At The Crossroads

Hi everyone. Rob here.

I love these words of God found in Jeremiah 6:16,

‘Stand at the crossroads and look;
    ask for the ancient paths,
ask where the good way is, and walk in it,
    and you will find rest for your souls.

He was speaking to a nation that had lost its way. Its path of paganism and compromise with surrounding empires had not been a good one. It now stood facing conquest and exile. God asked them to take a different stance than the self-destructive one they were on. There was a choice and God had already prepared a path for them if only they were prepared to ask.

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I find myself at a crossroads personally. I know that my mission field is the church itself, but I have no idea what form that should take. It is a place of uncertainty and confusion. God makes order out of chaos and so I trust that God will sort me out. But in the meantime there is a path to walk down. It is the ancient path of trust. God doesn’t give us a map. He gives us Jesus and the Spirit and we are to follow Jesus on the path in the power of his Spirit.

Remember that his path led him to a Roman cross. The journey is not without heartache and loss. It is not without suffering and pain. But it is the only journey that leads to resurrection and new life. So, at the crossroads I find myself in I’m not looking for the easiest path or the most exciting one. I’m looking for Jesus himself and I’ll seek to follow whatever path he takes.

He has already led me on one heck of a journey. But the ancient path is not one of returning to old ways or habits. It is always to follow the one who led Israel through the desert and turned fishermen into apostles. It is always a path that leads to transformation, that helps the kingdom to come and God’s will to be done. The path I follow Jesus on will lead to death – dying to fear, selfishness, pride and shame. It will also lead to disruption and disorientation most likely. But it will be a path that bears fruit and is filled with love. It will involve a rising to that love and a coming alive to God.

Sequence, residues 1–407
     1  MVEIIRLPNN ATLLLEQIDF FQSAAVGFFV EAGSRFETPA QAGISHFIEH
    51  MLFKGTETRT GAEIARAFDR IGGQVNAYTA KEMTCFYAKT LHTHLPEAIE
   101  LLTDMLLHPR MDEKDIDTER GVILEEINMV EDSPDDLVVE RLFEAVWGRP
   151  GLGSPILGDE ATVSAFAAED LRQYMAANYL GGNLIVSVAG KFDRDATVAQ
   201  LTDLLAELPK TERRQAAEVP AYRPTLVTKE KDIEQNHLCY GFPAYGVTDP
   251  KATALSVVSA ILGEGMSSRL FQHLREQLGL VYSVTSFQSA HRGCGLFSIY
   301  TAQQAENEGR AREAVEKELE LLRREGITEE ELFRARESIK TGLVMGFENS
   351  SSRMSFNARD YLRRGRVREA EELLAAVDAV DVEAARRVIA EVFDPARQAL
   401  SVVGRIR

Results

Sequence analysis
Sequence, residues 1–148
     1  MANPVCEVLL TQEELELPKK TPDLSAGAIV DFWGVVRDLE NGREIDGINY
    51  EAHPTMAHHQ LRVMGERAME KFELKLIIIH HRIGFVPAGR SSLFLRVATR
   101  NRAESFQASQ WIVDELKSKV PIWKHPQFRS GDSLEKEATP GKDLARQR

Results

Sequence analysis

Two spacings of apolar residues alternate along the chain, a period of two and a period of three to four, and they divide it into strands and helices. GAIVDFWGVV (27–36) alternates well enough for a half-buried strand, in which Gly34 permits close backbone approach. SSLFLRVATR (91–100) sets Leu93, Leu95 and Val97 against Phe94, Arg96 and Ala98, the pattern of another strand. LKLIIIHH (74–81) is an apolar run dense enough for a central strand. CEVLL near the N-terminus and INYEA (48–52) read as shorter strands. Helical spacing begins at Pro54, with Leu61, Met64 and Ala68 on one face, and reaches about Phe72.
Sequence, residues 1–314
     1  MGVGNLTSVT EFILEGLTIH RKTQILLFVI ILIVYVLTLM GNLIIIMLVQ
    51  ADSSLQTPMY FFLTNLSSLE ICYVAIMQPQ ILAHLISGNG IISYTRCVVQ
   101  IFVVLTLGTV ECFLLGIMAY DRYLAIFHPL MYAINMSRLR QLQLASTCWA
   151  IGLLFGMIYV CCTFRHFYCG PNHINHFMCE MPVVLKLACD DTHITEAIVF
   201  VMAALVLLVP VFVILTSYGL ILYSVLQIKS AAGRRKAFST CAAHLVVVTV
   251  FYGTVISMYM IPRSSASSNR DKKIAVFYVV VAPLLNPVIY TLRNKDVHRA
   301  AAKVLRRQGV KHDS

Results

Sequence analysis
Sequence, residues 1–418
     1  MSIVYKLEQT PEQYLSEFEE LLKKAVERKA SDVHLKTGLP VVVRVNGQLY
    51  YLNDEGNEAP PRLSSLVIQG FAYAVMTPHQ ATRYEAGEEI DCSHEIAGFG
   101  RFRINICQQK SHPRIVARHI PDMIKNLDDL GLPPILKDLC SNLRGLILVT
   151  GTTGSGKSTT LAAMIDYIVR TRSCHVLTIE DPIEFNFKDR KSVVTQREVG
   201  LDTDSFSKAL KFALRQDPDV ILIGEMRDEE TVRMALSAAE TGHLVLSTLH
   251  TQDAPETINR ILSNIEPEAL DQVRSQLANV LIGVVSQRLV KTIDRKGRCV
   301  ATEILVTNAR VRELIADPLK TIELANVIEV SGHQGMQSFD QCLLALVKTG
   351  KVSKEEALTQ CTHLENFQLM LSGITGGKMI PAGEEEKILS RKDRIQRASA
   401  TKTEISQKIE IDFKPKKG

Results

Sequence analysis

Experience tells me that this ancient path of trust is the only one without a dead end. Jesus is the path of life and the path to life. So, while I stand at the crossroads and appear a bit dazed and confused about where it’s all going or where to next, the reality is that Jesus will show me soon where to go. I just have to keep the eyes of my heart open. Easier said than done of course but Jesus has this way of taking our truest desire and being able to make a way with it. We may veer off at times but Jesus keeps bringing us back by reminding us that our deepest desire is for the life that only he can offer.